Sunday, 21 September 2008 11:16

NICTA Tunes into Computer Science Students with ARTEMIS

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Speaking at a major media event today, NICTA CEO David Skellern outlined a plan to bring some fun to the uptake of Computer Science skills amongst Australian high school students.
A couple of months ago, NICTA (National ICT Australia) announced that in only their second attempt, they won the ARTEMIS Orchestra competition in Europe with a robotically operated, computer-driven clarinet.  This follows on from a second place the previous year with a robot violin.

The clarinet robot, not simply a clarinet-playing robot, is a complex software and hardware solution that is able to emulate the functions of the human mouth in order to manipulate the human mouth to form the notes and other complexities of a clarinet.

Speaking at the Influencer Forum in the Hunter Valley today, David Skellern outlined many of his concerns with the attractiveness of Computer Science (and related disciplines) as a career choice for today’s students.  He pointed out that in 2001 something over 500 students enrolled into first year Computer Science at a major NSW university whereas last year, that number had dropped to barely 150.   Fortunately, the ‘quality’ of the students remains excellent.

Skellern observed that the drop-out in interest appeared to be happening around Year 10 – just at the point where most high school students are actively considering their career options.  He observed that the prevailing attitude seemed to be that they knew how to operate a computer, that’s was all there was to it, wasn’t it?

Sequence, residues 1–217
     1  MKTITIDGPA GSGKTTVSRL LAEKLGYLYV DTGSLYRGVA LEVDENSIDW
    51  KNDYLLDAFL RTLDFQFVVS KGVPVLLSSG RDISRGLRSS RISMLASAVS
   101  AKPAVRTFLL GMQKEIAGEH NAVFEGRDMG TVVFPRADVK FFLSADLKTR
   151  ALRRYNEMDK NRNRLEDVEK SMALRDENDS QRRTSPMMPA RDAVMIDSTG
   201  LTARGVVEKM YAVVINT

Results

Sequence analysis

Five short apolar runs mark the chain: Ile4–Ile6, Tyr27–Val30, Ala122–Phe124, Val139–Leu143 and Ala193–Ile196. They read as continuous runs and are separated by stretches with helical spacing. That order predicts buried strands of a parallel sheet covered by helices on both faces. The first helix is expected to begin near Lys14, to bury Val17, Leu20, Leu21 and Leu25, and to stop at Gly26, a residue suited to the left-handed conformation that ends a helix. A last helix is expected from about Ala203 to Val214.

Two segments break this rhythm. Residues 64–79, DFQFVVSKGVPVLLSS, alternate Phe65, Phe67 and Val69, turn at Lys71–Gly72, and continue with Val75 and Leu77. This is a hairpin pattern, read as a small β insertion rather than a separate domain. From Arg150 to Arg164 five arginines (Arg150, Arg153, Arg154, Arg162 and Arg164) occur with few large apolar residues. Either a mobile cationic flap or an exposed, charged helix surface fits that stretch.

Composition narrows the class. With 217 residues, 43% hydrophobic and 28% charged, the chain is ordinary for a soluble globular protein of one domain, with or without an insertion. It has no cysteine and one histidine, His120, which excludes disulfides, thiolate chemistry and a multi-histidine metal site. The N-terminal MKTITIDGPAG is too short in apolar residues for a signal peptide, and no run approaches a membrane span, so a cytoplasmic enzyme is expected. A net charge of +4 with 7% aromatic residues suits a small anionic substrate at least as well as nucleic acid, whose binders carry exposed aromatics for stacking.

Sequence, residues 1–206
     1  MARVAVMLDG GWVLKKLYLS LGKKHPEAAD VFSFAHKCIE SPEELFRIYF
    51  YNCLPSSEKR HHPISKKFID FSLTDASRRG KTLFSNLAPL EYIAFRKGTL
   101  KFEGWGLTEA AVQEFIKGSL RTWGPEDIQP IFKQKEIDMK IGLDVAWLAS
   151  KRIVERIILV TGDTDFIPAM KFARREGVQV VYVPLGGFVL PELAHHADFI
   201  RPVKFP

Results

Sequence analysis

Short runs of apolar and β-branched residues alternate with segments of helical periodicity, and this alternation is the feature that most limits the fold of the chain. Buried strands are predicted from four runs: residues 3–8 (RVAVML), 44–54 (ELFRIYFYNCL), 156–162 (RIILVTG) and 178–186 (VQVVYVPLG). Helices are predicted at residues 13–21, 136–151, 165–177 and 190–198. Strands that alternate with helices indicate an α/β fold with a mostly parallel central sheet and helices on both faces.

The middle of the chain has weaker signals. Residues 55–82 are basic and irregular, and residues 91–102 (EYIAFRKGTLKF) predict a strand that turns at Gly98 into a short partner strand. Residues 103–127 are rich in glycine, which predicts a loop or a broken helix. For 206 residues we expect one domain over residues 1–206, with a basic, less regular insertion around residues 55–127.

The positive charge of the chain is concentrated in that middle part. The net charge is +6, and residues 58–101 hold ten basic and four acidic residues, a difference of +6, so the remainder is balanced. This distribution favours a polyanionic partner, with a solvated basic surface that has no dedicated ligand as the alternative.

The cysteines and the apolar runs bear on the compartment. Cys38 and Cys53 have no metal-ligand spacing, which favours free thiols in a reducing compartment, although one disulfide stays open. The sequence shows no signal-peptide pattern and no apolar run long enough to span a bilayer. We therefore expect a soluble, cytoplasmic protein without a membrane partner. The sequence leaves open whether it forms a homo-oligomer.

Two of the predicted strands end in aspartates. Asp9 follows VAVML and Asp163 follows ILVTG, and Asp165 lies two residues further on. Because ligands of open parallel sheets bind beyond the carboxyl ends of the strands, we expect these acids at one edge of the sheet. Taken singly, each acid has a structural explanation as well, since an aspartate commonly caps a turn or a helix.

As I see it, this reflects the commodity view of computing – a box that does its job – doesn’t much matter how it works on the inside.  They work; what more is there?

So, what’s the significance of the clarinet robot?


Imagine the fun a group of high school students would have programming and enhancing one of these devices.

That’s the plan.  Initially targeting TAFEs, but with a clear plan to move down to high schools, NICTA is planning to create a number of these clarinet robots and deliver them to high schools for their Computer Science students to experiment on.  Clearly the engineering skills to actually design and build one of these would be lacking at this level, also the ability to create software from scratch. 

However, the plan is to deliver the basic robot and functional software along with guidance on how to improve both the software and hardware.

In TAFEs, the hope is that with sufficient encouragement, students there could in fact be building the entire unit.

This is always the best way to attract children (high school students) to such topics – MAKE IT FUN!  PIQUE THEIR INTEREST.  If you make it look dry, you’ve lost them.

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David Heath

David Heath has had a long and varied career in the IT industry having worked as a Pre-sales Network Engineer (remember Novell NetWare?), General Manager of IT&T for the TV Shopping Network, as a Technical manager in the Biometrics industry, and as a Technical Trainer and Instructional Designer in the industrial control sector. In all aspects, security has been a driving focus. Throughout his career, David has sought to inform and educate people and has done that through his writings and in more formal educational environments.

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